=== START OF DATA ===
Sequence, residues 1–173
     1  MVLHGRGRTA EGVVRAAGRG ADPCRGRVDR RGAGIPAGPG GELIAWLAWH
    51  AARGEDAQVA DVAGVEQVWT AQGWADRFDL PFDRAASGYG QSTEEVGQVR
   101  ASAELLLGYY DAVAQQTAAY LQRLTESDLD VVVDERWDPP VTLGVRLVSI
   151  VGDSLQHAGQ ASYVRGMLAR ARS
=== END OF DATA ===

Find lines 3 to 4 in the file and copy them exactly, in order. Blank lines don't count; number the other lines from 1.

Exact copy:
    51  AARGEDAQVA DVAGVEQVWT AQGWADRFDL PFDRAASGYG QSTEEVGQVR
   101  ASAELLLGYY DAVAQQTAAY LQRLTESDLD VVVDERWDPP VTLGVRLVSI